wear the wig, yes its a pain in the rear. But on my last job, the lasted 5.5 yrs because I produced, I wore it for a yr and a half until I went permanent. They figured out before that and told me not to worry about, stop wearing the wig

also get some religious items to put on your desk if you choose to follow the religious route, mine is solid b/c I practice. I had a picture of my Teacher on my desk.
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Old 01-19-2016, 05:07 AM
 
762 posts, read 511,677 times
Reputation: 1388
Where's his picture you all are talking about?
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Old 01-19-2016, 06:07 AM
 
Location: Brentwood, Tennessee
43,308 posts, read 41,880,675 times
Reputation: 83205
It's a 3-year-old thread. The photo was deleted.
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Old 01-19-2016, 06:49 AM
 
8,199 posts, read 6,131,673 times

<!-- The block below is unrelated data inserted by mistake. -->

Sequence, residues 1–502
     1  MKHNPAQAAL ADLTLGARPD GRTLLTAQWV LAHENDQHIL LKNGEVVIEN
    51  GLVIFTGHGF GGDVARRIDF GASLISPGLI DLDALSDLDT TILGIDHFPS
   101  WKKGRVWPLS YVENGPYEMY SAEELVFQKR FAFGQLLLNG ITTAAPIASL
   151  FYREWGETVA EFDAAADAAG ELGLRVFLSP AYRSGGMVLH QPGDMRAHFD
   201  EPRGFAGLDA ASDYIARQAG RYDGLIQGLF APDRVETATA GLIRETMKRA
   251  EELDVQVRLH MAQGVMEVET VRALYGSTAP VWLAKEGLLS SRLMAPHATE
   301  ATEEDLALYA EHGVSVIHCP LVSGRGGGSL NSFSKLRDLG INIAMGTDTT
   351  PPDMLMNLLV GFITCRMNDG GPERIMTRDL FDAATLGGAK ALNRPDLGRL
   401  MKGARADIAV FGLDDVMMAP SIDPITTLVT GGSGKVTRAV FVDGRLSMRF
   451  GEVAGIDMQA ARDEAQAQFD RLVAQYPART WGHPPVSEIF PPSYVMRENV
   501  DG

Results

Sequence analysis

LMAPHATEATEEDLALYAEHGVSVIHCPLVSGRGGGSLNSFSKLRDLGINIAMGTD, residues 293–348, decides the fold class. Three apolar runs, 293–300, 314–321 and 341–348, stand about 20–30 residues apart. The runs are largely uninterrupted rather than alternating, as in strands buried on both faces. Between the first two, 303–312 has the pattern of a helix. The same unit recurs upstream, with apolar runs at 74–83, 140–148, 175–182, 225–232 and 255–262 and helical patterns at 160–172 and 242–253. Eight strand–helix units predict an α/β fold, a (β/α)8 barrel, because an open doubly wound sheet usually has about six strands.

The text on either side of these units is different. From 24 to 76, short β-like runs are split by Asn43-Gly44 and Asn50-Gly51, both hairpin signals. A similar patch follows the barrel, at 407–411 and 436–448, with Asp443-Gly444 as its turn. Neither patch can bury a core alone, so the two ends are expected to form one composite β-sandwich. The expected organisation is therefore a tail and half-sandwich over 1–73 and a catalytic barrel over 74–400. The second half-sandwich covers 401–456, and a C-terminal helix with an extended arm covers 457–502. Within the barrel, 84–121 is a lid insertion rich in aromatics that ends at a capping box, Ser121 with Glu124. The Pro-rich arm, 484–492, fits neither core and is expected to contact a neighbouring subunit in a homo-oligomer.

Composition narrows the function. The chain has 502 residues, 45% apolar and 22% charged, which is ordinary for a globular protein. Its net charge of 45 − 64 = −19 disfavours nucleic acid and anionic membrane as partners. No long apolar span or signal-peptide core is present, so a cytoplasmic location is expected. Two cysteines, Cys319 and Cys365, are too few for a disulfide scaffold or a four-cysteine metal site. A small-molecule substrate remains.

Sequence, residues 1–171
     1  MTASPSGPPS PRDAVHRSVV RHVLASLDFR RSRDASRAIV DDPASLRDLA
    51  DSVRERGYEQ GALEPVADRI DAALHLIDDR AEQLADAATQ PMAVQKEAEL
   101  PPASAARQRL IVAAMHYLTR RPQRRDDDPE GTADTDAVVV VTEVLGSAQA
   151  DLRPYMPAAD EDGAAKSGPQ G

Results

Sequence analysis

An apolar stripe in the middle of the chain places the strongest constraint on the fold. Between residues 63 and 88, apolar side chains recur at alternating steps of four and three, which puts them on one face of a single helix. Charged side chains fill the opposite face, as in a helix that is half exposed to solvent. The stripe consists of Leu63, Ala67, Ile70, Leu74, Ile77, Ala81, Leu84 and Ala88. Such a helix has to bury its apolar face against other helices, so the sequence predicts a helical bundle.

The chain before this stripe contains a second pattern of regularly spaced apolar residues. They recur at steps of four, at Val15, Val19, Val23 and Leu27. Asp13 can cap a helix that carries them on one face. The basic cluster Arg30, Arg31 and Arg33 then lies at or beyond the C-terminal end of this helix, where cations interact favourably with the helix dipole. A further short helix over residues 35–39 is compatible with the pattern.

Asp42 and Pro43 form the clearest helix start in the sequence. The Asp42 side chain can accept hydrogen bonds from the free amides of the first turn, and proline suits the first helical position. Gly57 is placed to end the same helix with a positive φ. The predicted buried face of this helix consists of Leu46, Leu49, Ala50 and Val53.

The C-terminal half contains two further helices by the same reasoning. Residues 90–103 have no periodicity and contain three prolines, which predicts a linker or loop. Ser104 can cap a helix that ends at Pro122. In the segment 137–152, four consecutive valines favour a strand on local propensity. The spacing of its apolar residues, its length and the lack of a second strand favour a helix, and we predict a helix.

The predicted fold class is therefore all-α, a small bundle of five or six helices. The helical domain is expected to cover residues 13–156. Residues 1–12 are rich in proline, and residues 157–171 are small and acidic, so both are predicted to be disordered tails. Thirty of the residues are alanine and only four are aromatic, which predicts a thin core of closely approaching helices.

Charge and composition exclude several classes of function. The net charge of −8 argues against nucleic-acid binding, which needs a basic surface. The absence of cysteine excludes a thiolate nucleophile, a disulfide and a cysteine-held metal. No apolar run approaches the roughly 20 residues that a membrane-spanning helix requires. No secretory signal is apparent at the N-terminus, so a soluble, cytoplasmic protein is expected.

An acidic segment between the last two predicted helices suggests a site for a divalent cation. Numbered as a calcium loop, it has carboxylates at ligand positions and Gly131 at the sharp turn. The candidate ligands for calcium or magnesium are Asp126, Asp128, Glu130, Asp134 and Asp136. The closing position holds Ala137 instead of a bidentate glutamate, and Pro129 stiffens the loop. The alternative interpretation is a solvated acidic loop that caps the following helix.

Reputation: 11736
Quote:
Originally Posted by Ted Bear View Post
Sadly, yes.

Long hair, tats, piercings are red flags in the hiring process.

Just being honest, those things set you apart from the "mainstream". They might be nothing, or they might mean you are a step or two outside of 'normal' and if I am interviewing two candidates who are equally qualified, right or wrong, I am going to go with the person who is more 'normally' groomed.
Agreed, though I think this probably depends on the industry. If you are applying for jobs in sectors that tend to be conservative (finance, engineering, etc.) the long hair could very well be a problem. If you are applying for tech or software jobs, its probably less of an issue.

Its unfortunate that decisions are made based on something so trivial, but sometimes there is very little to distinguish between candidates.